Motion Response Simulation of Damaged Floating Platforms

Soylemez, Muhittin (1990) Motion Response Simulation of Damaged Floating Platforms. PhD thesis, University of Glasgow.

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This thesis describes a computer based method and a procedure to simulate the motion response of a damaged platform under wave, wind and current effects. The aim of the study was to develop an analysis procedure which could be a useful tool to designers and certifying authorities in assessing the safety of mobile platforms in extreme environmental and damaged conditions. The thesis begins by explaining the benefits of using floating structures in developing oil fields. Basic stability requirements for floating production vessels are summarised. Recent and past damage simulation studies in the literature are reviewed. Some information about the number of accidents involving floating offshore platforms operated world-wide is presented. A few of the disasters occurring in recent years are given as examples to emphasise the importance of the subject. The Morison approach and 2D source-sink distribution technique are reviewed, and calculations of wave forces acting on a semi-submersible are carried out in order to make comparisons between the two methods. Theoretical derivations of wave forces in the frequency domain based on the Morison approach are carried out in detail for a twinhulled semi-submersible. The development of computer programs based on both methods is summarised. A general method for calculating wave forces and moments on circular cylinders of offshore structures is derived. By using the developed method one can calculate the wave loading on cylindrical members of fixed or floating offshore structures orientated randomly in waves. This method also provides a basic tool for determining the wave forces and moments that a floating structure is subjected to as it experiences large amplitude oscillations in six degrees of freedom. A general method is established in this chapter to calculate the hydrodynamic loading due to the rigid body motion of the platform. The calculation of restoring forces is discussed: a detailed description of the methods used to calculate hydrostatic forces, mooring stiffness coefficients and wind forces is given in the appendices. The calculation of inertia forces and moments defined from Newton's second law is introduced as part of a general calculation procedure. The derivation and the solution of motion equations in the time domain are presented. Details of model tests carried out to validate the non-linear large amplitude motion calculation procedures are presented. A description of a circular twin-hulled semi-submersible model and the loading conditions is given. The test setup and instrumentation are presented briefly. Test procedures for inclining, natural period and motion tests in waves are discussed. Methods of analysis of motion response measurements in six degrees of freedom in intact, transient and damaged conditions for head and beam seas are given. The results of motion response measurements are presented in time histories. In order to validate the numerical prediction procedures and the software based on these procedures, the physical test conditions are simulated numerically and a comparison of test results with numerical predictions is presented. Simulation studies based on the non-linear motion equations are presented with the aim of providing comparisons to illustrate the effects of non-linearities in wave and motion induced forces. A summary of the systematic study carried out to illustrate the effects of non-linear terms on the solution of the motion response equations is given. The results of the parametric studies to investigate the effects of flooding rate and of size of damaged compartment on motion response characteristics are also discussed. The other aspects of roll motion such as the effects of non-linear drag force, first order wave elevation, different wave heights and GM's, and non-linear added mass and damping forces on the motion behaviour and the steady tilt of semi-submersibles are investigated. The variations of GM and GZ values as a function of heel angle are also presented.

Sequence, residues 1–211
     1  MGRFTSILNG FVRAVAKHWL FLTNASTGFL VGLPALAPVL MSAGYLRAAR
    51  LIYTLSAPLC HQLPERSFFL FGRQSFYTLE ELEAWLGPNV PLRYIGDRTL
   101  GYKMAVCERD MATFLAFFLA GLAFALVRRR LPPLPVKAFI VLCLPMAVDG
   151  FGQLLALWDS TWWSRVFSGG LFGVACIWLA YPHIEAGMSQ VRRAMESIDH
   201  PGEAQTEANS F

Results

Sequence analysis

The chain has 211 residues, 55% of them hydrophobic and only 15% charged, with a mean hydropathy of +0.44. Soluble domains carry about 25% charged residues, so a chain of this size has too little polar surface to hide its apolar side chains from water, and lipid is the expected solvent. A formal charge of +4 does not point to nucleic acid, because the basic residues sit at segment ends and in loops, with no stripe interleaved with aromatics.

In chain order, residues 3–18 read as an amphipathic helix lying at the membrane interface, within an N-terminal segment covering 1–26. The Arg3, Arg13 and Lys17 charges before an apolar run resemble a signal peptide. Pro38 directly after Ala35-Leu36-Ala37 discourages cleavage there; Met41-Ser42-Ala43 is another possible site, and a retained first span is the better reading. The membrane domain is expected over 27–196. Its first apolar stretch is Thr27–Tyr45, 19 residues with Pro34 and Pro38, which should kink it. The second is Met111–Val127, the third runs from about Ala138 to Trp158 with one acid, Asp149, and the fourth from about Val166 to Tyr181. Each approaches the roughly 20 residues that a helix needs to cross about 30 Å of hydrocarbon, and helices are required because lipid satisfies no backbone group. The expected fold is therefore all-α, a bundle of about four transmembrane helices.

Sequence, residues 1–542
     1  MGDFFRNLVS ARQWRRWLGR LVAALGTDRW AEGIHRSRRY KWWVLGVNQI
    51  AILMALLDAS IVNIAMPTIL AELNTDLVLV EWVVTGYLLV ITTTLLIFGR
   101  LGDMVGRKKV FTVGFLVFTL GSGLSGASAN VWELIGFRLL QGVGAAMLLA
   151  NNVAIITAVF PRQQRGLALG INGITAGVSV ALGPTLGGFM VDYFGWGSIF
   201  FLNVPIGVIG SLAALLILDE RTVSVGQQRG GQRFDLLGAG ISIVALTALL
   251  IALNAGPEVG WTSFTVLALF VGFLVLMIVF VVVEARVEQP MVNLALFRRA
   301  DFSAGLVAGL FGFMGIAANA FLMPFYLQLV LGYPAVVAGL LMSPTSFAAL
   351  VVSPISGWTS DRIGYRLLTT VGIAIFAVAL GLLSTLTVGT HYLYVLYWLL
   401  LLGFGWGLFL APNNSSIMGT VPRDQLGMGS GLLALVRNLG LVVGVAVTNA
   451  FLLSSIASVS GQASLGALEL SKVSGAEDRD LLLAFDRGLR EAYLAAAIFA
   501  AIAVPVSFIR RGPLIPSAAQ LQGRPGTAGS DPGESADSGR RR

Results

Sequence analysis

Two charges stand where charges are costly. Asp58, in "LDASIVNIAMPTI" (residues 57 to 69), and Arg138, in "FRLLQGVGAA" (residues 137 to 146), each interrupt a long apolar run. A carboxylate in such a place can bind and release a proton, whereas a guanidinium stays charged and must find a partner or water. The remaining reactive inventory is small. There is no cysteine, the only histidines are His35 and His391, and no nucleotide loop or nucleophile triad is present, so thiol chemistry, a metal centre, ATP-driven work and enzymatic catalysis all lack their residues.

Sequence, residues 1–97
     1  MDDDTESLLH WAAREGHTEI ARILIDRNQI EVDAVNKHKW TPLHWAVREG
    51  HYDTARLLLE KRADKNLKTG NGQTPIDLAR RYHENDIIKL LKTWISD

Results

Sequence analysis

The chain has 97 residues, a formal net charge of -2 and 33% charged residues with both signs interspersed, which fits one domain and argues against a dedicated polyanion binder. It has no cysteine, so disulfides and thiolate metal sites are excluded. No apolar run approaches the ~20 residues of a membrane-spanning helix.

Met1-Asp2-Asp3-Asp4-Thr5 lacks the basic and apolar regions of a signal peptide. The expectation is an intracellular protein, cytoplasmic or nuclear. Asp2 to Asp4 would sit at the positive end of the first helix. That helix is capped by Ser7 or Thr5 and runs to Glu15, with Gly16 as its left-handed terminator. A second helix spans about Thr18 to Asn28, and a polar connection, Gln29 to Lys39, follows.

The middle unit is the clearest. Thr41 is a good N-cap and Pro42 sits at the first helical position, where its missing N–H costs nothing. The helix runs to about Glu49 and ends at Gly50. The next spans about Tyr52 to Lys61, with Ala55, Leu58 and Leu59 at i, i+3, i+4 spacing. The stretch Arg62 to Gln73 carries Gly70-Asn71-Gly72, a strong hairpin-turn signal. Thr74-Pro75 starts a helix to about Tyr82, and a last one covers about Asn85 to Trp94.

Item Type: Thesis (PhD)
Qualification Level: Doctoral
Keywords: Ocean engineering
Date of Award: 1990
Depositing User: Enlighten Team
Unique ID: glathesis:1990-78078
Copyright: Copyright of this thesis is held by the author.
Date Deposited: 30 Jan 2020 15:41
Last Modified: 30 Jan 2020 15:41

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